Regular guys still boast: "I'm a meat'n'potatoes man". Does that include mashed potatoes? It probably did before mash became stylish. That's what happens with good old classics; they are updated. Mash with peppers, garlic, leeks...you know the sort of thing.
The fashionability of mash fired a thought in the mind of Irishman Oliver Peyton, who has created some of Britain's most imaginative bars and restaurants. Peyton is also interested in beer -- he credits one of my early books with having led him in that direction. As every beer-lover knows, the first procedure in the brewhouse is also called the mash: the mixing of grain and water.
He decided to open a restaurant that would have fashionable dishes like mash on the menu, but also have its own brewhouse. Though Britain is the country that started the beer renaissance, its brewpubs tend to be very traditional, and mainly to produce cask ales in classic styles. Peyton opened a Mash brewery and restaurant in Manchester, England, in the late 1990s, then a second in London. In both cities, the interior was post-modernist and the fashionable food was accompanied by a diversity of specialities, from fruit beers to abbey-style ales.
The flagship brew was a golden lager called simply Mash Beer. In early tastings, I felt that this beer, especially in its firmness of body, resembled a Dortmunder. In recent samplings, it has reminded me more of the softer, mildly malty, Munich Pale (Helles) style.
No change of character has been intended, but the beer has moved home. After a year or two, the Manchester brewpub closed. The London one still operates, producing the specialities, but Mash Beer outgrew it. This product is now being produced at a new micro.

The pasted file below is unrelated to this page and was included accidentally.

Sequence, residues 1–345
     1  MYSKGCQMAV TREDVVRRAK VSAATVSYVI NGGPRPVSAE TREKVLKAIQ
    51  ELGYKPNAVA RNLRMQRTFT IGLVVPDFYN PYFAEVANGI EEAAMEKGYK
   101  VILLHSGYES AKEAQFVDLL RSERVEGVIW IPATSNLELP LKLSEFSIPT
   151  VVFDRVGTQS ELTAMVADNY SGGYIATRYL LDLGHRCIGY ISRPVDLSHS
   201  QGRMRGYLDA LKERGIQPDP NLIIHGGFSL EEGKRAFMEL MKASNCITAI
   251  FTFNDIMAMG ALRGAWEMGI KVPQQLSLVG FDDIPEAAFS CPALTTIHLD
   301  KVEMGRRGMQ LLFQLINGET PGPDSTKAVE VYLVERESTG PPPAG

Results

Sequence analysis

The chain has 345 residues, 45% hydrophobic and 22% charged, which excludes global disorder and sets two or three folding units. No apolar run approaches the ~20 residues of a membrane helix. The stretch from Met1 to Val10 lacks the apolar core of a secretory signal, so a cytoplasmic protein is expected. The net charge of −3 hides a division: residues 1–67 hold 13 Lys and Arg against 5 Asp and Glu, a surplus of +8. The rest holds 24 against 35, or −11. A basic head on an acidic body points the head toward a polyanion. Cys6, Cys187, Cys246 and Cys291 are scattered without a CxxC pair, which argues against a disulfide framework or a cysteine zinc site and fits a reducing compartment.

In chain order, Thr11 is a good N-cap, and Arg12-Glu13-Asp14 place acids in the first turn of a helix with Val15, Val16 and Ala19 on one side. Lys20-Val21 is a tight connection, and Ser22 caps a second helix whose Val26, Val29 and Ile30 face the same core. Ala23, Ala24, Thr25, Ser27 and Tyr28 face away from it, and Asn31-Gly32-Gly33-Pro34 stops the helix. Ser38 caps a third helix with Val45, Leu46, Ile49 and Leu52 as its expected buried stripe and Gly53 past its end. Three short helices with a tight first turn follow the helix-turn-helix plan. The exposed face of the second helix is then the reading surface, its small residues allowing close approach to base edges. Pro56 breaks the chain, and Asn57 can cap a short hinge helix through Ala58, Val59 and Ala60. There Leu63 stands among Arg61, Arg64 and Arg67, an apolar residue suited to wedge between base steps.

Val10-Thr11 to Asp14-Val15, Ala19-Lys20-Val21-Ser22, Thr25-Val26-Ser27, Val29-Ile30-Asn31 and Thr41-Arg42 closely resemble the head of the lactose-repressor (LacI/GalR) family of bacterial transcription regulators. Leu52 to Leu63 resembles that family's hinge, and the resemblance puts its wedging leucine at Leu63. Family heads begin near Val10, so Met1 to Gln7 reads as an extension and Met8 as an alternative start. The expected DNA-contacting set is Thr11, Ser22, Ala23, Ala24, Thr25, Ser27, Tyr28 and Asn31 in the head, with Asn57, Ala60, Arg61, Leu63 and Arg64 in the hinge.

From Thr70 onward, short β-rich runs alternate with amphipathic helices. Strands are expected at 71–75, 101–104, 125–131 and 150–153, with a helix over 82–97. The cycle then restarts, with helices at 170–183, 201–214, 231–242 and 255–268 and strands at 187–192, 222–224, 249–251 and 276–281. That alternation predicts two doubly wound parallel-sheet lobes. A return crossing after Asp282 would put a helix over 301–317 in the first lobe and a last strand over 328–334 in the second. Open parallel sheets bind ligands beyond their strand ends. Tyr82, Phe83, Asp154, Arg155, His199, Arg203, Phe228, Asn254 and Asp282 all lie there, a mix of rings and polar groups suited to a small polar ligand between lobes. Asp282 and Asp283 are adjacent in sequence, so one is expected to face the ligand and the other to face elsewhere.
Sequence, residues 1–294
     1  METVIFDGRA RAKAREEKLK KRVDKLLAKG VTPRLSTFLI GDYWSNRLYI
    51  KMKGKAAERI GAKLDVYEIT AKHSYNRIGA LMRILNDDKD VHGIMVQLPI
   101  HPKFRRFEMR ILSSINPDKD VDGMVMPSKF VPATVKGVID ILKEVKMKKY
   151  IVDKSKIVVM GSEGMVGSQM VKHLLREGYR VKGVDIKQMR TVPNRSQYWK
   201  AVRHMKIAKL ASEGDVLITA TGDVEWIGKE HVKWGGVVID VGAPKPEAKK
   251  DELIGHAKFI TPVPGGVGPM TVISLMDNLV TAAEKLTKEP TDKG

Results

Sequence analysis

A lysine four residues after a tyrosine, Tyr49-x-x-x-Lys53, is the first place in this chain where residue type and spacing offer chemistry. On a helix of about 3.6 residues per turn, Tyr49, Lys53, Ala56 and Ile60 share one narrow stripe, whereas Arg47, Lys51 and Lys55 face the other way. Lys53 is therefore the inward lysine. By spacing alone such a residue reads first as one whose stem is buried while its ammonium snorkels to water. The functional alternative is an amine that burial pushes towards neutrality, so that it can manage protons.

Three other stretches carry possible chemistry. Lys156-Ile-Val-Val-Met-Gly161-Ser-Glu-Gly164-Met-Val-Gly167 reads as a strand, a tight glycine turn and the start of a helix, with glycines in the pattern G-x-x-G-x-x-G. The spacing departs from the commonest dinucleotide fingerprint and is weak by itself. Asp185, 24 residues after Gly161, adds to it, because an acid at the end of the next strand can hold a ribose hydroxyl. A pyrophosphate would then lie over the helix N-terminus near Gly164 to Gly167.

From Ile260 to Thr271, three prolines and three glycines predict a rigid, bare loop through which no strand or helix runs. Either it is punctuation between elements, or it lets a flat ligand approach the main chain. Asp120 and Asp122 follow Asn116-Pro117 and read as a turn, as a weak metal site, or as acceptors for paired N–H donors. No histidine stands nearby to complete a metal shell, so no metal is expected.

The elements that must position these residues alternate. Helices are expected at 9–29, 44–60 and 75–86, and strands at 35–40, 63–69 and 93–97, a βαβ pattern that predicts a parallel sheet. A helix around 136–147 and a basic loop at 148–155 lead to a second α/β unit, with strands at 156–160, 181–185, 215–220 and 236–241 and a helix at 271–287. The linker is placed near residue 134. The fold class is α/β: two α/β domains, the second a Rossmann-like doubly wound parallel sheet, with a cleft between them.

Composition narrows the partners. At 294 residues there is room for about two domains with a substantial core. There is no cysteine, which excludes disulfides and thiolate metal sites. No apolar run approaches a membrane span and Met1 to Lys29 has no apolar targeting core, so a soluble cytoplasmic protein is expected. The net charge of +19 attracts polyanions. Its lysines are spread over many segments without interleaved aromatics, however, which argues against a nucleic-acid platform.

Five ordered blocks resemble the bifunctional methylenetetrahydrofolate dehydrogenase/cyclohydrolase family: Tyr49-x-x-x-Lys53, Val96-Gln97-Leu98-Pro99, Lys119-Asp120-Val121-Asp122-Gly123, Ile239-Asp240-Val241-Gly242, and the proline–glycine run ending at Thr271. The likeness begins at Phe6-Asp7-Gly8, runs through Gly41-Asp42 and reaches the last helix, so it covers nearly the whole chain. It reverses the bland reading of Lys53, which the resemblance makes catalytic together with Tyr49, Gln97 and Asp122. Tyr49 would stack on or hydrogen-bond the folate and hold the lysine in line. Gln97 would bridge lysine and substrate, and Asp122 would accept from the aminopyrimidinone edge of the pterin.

In both Manchester and London, the consultant brewer was Alastair Hook, and he is the principal of the new micro. At the age of 17, Alastair back-packed across Europe and Asia with my Pocket Guide to Beer. He then decided to study at Britain's principal brewing school, Heriot-Watt (in Edinburgh, Scotland).
While there, he found himself referring to many brewing books that were available only in German. Despite having a German step-mother, and having studied the language at high school, he was not fluent. His interest piqued, he took a further six-month course in German, then successfully applied to study at the famous Bavarian brewing school Weihenstephan. During his studies, he gained practical experience at the historic Spaten and Kaltenberg breweries. His wife Nina is from Lübeck.
In Britain, there are few -- if any -- brewers with as wide a first-hand knowledge of Continental European brewing techniques. Alastair's new micro, in the London borough of Greenwich, is called Meantime. This refers to the role of the Royal Observatory at Greenwich in establishing a basis of standard time throughout the world.
Meantime's brewhouse is designed for flexibility, so that a wide variety of styles can be produced by classic methods. Much of its early work has been on behalf of innovative brewers whose products have outgrown their original homes, Mash Beer is an example.
It is brewed from a gravity of 1044 (11 degrees Plato), using three malts (Pilsener, Munich and Carahell, from Weyermann, of Bamberg) in a single decoction. The hop varieties are Bavarian-grown Perle and Hallertau-Hersbruck, with Czech Saaz, in three additions, producing 23-25 units of bitterness. The yeast is a classic lager strain from Weihenstephan, Bavaria. Alcohol content 4.8 by volume (3.8 by weight).
Tasting note: Medium golden color. Dense head. Remarkably fresh, lemony, flowery, hop character, in both aroma and palate. This then gives way to the light, rounded, cookie-like, maltiness that is the beer's salient feature. In the finish, the hop is dry and appetising. Beautifully balanced.
Food pairings: Asparagus with ham and scrambled eggs. Pizza with artichokes and ham. Chicken salad. Pasta with herbs, pesto and toasted pine nuts. Leek sausages - and mashed potatoes, of course.
Published: JULY 25, 2001
In: Beer Hunter Online
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